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From the Managing Editor

Most people have only a vague idea of where their money goes, and in the process it doesn’t go as far as it should.

Print Edition: June 28, 2007

 Mr. Gupta is financially well off. He earns and spends well. He owns the house he lives in, has two vehicles, his wife earns about as much as he does and his two children go to a “reputed” school. He has a bugbear though— his new neighbour. Whenever Gupta talks to his neighbour, he is left with a sense of insecurity and inadequacy. No, the neighbour isn’t richer than Gupta, it’s just that he seems to be in better control of his finances. They share common dreams—of retiring early, sending their children abroad for higher education or going on extended family vacations. But when Gupta talks of these, his plans sound like wishful thinking. Whereas when the neighbour talks of similar plans, they sound like well thought-out financial goals.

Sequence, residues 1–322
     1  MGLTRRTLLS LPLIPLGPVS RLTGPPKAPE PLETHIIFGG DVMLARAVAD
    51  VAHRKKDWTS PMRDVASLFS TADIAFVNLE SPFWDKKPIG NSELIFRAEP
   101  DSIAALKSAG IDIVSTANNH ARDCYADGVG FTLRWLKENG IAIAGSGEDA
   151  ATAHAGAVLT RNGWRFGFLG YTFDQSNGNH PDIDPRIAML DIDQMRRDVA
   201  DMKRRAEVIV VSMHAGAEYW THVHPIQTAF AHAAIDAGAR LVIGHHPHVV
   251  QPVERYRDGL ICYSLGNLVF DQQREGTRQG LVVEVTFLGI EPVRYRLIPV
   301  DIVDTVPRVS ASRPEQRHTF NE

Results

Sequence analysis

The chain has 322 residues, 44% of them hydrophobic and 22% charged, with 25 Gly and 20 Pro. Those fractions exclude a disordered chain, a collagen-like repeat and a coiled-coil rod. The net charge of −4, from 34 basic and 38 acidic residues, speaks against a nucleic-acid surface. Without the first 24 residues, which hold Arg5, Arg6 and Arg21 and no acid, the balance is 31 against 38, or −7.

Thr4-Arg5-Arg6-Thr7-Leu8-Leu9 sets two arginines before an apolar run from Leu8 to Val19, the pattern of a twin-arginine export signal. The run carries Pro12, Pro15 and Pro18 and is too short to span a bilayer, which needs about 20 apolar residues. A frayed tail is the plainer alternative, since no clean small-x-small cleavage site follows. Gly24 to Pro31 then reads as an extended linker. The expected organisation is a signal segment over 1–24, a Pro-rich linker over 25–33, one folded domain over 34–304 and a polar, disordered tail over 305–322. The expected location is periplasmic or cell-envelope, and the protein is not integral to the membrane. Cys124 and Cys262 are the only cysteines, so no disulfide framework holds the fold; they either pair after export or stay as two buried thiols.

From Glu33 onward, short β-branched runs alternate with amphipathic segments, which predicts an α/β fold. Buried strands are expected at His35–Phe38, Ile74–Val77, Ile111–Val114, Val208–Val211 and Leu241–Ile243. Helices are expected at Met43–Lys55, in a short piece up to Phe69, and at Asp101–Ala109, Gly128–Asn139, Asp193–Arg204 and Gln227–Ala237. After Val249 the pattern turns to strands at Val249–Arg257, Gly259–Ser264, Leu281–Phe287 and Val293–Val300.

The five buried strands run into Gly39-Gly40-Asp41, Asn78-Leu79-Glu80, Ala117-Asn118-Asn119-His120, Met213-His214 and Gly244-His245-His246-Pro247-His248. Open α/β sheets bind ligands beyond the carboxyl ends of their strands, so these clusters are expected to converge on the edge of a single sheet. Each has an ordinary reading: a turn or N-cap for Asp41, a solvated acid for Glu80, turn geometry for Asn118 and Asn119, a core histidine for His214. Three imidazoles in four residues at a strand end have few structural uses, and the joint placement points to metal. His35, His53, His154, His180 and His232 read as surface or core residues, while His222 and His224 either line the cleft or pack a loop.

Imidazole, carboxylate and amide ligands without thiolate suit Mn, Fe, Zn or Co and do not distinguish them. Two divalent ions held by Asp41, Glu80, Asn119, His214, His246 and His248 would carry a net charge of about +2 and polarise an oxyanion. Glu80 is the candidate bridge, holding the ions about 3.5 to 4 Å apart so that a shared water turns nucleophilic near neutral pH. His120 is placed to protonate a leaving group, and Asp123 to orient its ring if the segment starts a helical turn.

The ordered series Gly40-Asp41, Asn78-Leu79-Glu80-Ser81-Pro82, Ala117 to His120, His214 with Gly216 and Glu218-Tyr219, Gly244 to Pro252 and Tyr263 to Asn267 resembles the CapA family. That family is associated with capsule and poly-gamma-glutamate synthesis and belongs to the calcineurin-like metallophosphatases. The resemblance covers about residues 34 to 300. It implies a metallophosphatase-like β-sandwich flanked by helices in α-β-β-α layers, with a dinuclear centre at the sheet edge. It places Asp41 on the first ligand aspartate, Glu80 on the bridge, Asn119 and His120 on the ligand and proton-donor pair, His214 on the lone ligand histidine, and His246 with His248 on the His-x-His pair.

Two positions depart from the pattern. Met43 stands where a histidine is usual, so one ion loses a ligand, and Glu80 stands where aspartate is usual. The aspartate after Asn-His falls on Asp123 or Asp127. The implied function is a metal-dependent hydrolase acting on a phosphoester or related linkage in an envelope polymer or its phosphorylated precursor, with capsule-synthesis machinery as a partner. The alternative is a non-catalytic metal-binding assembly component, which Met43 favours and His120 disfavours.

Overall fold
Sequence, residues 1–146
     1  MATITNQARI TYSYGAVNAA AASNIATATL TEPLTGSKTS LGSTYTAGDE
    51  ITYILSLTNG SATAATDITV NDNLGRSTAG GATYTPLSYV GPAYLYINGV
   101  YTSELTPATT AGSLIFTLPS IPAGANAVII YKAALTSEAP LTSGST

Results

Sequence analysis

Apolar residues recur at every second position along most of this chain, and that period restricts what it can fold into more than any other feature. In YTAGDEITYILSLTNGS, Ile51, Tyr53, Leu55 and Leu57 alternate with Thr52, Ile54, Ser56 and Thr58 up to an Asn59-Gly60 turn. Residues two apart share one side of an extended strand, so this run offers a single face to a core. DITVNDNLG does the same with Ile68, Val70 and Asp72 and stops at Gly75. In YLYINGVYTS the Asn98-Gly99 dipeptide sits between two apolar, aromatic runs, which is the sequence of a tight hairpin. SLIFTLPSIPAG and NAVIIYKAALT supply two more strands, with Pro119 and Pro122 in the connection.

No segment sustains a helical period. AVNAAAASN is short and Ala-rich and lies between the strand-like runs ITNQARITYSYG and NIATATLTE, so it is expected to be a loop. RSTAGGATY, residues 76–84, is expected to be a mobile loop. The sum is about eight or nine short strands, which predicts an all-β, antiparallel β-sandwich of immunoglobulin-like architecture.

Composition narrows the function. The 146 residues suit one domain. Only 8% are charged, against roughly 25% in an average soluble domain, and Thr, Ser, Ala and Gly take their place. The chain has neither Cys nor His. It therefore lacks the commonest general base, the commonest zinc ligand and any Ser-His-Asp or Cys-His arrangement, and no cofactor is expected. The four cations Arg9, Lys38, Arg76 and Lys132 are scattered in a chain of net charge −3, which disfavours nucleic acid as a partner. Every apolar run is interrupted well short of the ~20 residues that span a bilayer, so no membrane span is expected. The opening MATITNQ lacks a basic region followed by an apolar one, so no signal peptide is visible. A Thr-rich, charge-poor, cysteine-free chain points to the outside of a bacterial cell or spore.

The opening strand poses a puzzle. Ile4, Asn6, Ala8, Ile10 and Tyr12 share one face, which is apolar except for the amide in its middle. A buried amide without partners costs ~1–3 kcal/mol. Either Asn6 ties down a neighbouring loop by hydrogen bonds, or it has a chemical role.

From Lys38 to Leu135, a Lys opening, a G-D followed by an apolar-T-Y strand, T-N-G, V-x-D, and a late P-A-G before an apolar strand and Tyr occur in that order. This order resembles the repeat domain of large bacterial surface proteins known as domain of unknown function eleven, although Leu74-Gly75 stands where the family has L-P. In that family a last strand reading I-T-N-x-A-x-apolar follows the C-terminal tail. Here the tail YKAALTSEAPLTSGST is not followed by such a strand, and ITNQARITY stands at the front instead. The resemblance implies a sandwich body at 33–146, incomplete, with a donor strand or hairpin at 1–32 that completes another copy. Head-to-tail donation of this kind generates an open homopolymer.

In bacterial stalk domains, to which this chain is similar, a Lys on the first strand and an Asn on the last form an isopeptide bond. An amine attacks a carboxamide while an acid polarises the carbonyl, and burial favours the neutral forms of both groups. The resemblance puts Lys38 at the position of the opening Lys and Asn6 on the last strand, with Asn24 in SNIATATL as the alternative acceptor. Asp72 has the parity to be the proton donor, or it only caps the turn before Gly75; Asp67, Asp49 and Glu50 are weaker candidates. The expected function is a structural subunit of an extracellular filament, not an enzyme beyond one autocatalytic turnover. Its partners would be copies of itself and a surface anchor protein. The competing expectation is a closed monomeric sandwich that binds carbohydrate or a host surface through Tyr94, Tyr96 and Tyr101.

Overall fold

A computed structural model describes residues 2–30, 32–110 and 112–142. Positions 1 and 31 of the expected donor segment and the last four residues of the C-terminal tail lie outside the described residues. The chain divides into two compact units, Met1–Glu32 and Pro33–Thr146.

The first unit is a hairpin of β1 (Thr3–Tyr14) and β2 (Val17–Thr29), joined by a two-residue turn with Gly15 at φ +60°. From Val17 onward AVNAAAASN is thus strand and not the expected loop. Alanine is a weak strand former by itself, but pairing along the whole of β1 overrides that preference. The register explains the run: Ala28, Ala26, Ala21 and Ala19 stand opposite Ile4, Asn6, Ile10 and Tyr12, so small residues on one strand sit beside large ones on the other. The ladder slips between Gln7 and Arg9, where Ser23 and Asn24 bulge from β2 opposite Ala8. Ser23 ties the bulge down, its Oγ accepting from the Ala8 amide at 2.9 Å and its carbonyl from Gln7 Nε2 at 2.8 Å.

Mr. Gupta is MONEY TODAY’s proverbial middle-class Indian—doing well, yet feeling insecure. Any amount of salary hike would not lessen his insecurity. That’s because his problem is not how much he— or his family—earns, but how he spends. His income isn’t insufficient; it’s only that his spending is inefficient.

Most people have only a vague idea of where their money goes, and in the process it doesn’t go as far as it should. The solution is simple-yethardly- practised concept of family budgeting. As with just about anything, the more closely you examine your expenses, the easier it will be to identify ways to improve it. And it is far more important to budget when you are doing well than when you are not. As our cover story establishes, there are forces other than inflation that are chipping away at the earnings of most Indians, almost stealthily.

Sure, with time your consumption basket will and must change, but not all changes are necessary and are for the better. Look for items on your list that are indulgences disguised as needs. If you buy your child a toy every time you take him to the market—an expenditure which is forgotten within minutes of returning home—that’s certainly something to cut back on. Likewise, if you have bought a large sedan car without a particular reason (your family is small and you don’t often hit the highways), choosing a cheaper economy car might be a better decision. You can make amends easily when you are relatively better off because the component of discretionary spending is higher in your overall expenses.

Control your finances, rather than letting your finances control you.

Rohit Saran

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